Wednesday, January 7, 2015

An Old School Yule

I'm old school, a crotchety old holdover. This comes as no surprise to anyone who knows me well, certainly not to my kids. Sure, I work online, and whatever share of international notoriety I've garnered wouldn't have happened without the Internet. But in a lot of ways I'm not that different from the classic TV dads of the '50s – Jim Anderson or Ward Cleaver.

On the afternoon of Christmas day, I looked up and saw Kate deeply entrenched in her new Game Boy thing. Max was working on his new computer. And Tori was learning all the things her Galaxy Tab can do.

And I was reading a book. John Cleese's memoir, "So, Anyway ..." My other major gifts were a cast-iron skillet, the kind that fits over two of the stove top burners, a pair of eight-pound dumbbells, and a really cool hat.

I'm not sure what style the hat is, it has the crown of a fedora and the rolled-up brim of a pork pie. I suppose I could snap the brim down to a point in front, but no. It's not as wide as a fedora brim, more like a trilby.

Besides, I like it the way it is. I'm a crotchety old fart, but I admit it, I'd like to think I'm still a little cool.

BOOK – "So, Anyway ..." is a really a good book. I've finished it by now, of course.

It's funny, of course, as you'd expect from a book by John Cleese. Surprisingly, it contains very little of his years with Monty Python and almost nothing directly about "A Fish Called Wanda." It stops right about the time Monty Python was taking to the airwaves and it's only the last couple of chapters that have much about the legendary comedy group. (There's a very funny bit about the origin of the justly famous cheese shop sketch, which includes a bout of real-life projectile vomiting.)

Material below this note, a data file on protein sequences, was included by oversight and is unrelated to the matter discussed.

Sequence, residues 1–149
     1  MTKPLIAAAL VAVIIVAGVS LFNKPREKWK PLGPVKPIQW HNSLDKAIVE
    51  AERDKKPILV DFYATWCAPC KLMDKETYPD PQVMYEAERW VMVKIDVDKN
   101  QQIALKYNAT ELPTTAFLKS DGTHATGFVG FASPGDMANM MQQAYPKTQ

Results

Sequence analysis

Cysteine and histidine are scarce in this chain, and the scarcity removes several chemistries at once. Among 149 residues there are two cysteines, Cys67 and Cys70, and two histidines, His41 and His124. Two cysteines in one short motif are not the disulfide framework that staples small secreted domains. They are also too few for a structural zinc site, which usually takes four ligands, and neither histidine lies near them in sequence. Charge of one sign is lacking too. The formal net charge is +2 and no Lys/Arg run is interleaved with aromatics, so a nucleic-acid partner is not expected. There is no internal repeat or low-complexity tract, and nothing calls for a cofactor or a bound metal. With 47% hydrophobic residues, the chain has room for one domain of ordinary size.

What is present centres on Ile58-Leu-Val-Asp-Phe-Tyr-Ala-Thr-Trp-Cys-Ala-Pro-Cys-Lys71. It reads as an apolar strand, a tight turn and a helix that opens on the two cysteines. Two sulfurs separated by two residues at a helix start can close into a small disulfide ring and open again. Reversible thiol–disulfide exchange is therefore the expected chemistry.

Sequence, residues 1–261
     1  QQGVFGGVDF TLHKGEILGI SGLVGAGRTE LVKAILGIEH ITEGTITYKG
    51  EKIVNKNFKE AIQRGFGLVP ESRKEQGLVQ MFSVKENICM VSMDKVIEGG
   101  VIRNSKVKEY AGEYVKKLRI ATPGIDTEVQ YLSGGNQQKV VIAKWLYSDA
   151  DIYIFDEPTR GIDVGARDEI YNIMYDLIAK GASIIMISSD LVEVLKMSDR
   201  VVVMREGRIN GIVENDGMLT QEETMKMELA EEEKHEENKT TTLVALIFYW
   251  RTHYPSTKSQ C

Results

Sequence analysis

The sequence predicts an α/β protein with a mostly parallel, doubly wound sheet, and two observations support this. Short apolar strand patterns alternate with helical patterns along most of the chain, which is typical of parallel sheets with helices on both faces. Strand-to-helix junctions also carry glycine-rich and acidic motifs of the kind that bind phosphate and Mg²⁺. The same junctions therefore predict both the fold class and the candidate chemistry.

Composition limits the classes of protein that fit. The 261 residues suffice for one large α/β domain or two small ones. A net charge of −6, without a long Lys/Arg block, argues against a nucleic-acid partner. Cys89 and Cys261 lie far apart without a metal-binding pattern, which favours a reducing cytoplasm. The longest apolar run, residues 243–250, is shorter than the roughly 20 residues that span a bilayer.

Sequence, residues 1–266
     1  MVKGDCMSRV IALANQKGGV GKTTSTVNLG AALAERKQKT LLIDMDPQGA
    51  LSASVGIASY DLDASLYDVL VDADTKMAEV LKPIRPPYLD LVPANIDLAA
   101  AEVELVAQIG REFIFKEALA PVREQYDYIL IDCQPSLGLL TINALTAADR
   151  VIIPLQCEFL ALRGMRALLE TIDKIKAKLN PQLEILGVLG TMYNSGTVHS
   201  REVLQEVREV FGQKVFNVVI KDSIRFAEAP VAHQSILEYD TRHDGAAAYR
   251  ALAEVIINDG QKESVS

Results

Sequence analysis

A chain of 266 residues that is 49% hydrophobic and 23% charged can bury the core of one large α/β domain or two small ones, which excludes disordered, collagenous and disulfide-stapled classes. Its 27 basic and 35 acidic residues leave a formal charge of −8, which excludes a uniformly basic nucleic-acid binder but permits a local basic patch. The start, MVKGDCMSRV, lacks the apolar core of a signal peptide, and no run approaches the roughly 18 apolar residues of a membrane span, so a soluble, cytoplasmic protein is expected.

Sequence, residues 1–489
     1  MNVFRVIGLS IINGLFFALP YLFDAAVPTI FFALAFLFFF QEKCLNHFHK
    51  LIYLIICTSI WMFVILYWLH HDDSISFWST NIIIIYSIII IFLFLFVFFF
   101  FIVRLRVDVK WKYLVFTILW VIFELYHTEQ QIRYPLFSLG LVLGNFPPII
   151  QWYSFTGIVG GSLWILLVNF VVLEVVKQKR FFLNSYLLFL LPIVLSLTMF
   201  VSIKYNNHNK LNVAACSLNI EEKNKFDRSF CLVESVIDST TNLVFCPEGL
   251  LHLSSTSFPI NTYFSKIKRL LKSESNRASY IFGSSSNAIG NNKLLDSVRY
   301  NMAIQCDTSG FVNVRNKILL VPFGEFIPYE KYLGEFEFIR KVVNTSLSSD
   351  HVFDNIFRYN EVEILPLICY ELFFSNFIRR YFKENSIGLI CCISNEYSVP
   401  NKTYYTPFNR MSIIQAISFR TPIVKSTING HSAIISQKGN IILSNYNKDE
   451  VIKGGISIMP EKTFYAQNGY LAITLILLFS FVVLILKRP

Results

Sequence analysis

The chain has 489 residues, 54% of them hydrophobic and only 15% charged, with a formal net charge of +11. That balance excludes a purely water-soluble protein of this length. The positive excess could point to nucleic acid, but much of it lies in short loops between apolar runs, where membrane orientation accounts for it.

The book follows his growing up and into the kind of person who would end up as a Python. Great book.

The biggest thing that came across is how serious comedy is. As zany and wild as Monty Python was (and is on DVD and online) it was built by guys who took their comedy very seriously. Interestingly, they all saw themselves more as writers than performers, which was part of why they worked so well together. It was always about the joke, not about being a star.

But here's a question. Why do Englishmen, when telling you about their lives, ALWAYS start by telling you about their schools and the name of every master and teacher they had? There were two salient points to Cleese's school stories, maybe three – that he was a coward, that his mother was crazy, and maybe the fact that the teacher who seemed to be one of his greatest influences (but not for the reasons you think) had turned himself into the perfect Edwardian gentleman. And the schools days take about the first half of the book.

Then, almost 100 pages later, while he's talking about being a writer for David Frost, he mentions almost as a throwaway how as a boy he had loved comedy albums, collected them, studied them, tried to memorize and reproduce them. I think that's a lot more interesting, a lot more significant, coming from John Cleese than any number of rugby coaches and the headmaster who could get anyone to do what he wanted, except his wife.

It just goes to show, I suppose, how we don't always understand our own journeys. Makes me wonder what I'm missing, or fail to understand, about my own life.

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